New funding for research may lead to better heart failure treatments


The £114,500 funding from national charity Heart Research UK will allow the Cardiac Signalling Team based at the University’s Institute of Cardiovascular and Metabolic research to find out why and how heart muscle cells do not divide and instead die, according to a press release.    

Protein kinases are a group of enzymes that regulate every aspect of cell function including growth, division, survival and death. The Reading team, led by Angela Clerk, will study in detail all the protein kinases found in heart muscle cells, over the next two years.

As enzymes, the kinases make ideal “targets” for developing new drugs that prevent them from working or change what they do.  This work could lead to new treatments for heart failure and allow the heart tissue to regenerate.

Studies show that nearly 80,000 people a year die from heart disease in the UK, almost as many as it takes to fill Wembley Stadium, with more than 750,000 people in the country living with heart failure. The two-year research project will provide crucial insights into why and how heart muscle cells stop dividing and do not regenerate.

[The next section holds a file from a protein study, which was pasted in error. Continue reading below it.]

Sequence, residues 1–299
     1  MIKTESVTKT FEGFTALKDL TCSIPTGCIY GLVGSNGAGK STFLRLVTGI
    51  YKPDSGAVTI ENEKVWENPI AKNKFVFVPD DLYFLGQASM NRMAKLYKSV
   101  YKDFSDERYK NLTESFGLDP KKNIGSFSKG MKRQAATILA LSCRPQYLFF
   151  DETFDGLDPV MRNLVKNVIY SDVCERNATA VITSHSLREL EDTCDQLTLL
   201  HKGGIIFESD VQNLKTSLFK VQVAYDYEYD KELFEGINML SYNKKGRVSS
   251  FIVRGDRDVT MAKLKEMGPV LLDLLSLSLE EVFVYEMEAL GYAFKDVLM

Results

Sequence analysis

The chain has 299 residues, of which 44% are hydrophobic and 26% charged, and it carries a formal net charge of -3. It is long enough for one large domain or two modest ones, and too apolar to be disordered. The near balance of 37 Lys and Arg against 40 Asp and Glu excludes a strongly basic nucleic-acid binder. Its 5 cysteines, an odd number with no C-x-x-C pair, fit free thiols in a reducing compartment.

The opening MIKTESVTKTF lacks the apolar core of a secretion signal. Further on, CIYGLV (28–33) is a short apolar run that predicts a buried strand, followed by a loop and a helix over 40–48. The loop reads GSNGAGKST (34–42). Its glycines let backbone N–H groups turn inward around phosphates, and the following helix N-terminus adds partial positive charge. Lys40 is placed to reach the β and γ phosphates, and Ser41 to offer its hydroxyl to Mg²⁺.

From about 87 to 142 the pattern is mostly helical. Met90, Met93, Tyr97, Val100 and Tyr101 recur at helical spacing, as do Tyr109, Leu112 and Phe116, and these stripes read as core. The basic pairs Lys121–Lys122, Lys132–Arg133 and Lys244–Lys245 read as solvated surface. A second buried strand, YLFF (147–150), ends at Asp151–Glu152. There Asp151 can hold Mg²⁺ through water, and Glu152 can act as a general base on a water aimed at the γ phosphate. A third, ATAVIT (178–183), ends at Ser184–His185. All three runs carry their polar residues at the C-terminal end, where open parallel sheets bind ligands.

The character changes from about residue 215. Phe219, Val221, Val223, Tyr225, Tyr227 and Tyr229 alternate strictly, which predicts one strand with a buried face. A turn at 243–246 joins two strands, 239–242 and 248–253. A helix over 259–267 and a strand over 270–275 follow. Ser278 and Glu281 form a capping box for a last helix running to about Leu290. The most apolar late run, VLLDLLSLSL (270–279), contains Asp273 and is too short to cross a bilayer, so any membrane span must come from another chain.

Clerk said: “I am absolutely delighted that Heart Research UK has chosen to support this ground-breaking research. Our team have been one of many globally that have worked on individual key enzymes in the heart over 20 years, but this research will enable us to look at all 300-plus kinases for the first time ever. This is good news for current sufferers as we all aim to bring new therapies to the clinic in the coming few years.”

Barbara Harpham, National Director of Heart Research UK, said:  “Heart failure is a very debilitating condition, and due to the ageing population, the numbers affected are expected to soar.  This University of Reading project is exciting because it could provide new ways of treating heart failure and hopefully giving patients a better quality of life.

“Our aim at Heart Research UK is to fund research that benefits patients as soon as possible.  This latest grant brings to nearly £300,000 the amount we have funded on research projects in Reading in the past 10 years. What people raise locally is spent locally.”